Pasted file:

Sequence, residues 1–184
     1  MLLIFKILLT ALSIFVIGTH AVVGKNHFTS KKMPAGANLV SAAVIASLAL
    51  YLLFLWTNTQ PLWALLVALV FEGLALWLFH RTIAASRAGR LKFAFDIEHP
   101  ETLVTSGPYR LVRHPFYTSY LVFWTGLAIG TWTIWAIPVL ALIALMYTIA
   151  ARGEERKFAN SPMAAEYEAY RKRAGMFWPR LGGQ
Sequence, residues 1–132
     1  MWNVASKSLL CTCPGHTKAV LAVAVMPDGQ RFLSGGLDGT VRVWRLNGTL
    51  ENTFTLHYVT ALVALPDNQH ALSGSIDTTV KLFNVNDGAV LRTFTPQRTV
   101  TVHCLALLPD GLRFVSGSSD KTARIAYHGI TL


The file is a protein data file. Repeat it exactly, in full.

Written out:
Sequence, residues 1–184
     1  MLLIFKILLT ALSIFVIGTH AVVGKNHFTS KKMPAGANLV SAAVIASLAL
    51  YLLFLWTNTQ PLWALLVALV FEGLALWLFH RTIAASRAGR LKFAFDIEHP
   101  ETLVTSGPYR LVRHPFYTSY LVFWTGLAIG TWTIWAIPVL ALIALMYTIA
   151  ARGEERKFAN SPMAAEYEAY RKRAGMFWPR LGGQ
Sequence, residues 1–132
     1  MWNVASKSLL CTCPGHTKAV LAVAVMPDGQ RFLSGGLDGT VRVWRLNGTL
    51  ENTFTLHYVT ALVALPDNQH ALSGSIDTTV KLFNVNDGAV LRTFTPQRTV
   101  TVHCLALLPD GLRFVSGSSD KTARIAYHGI TL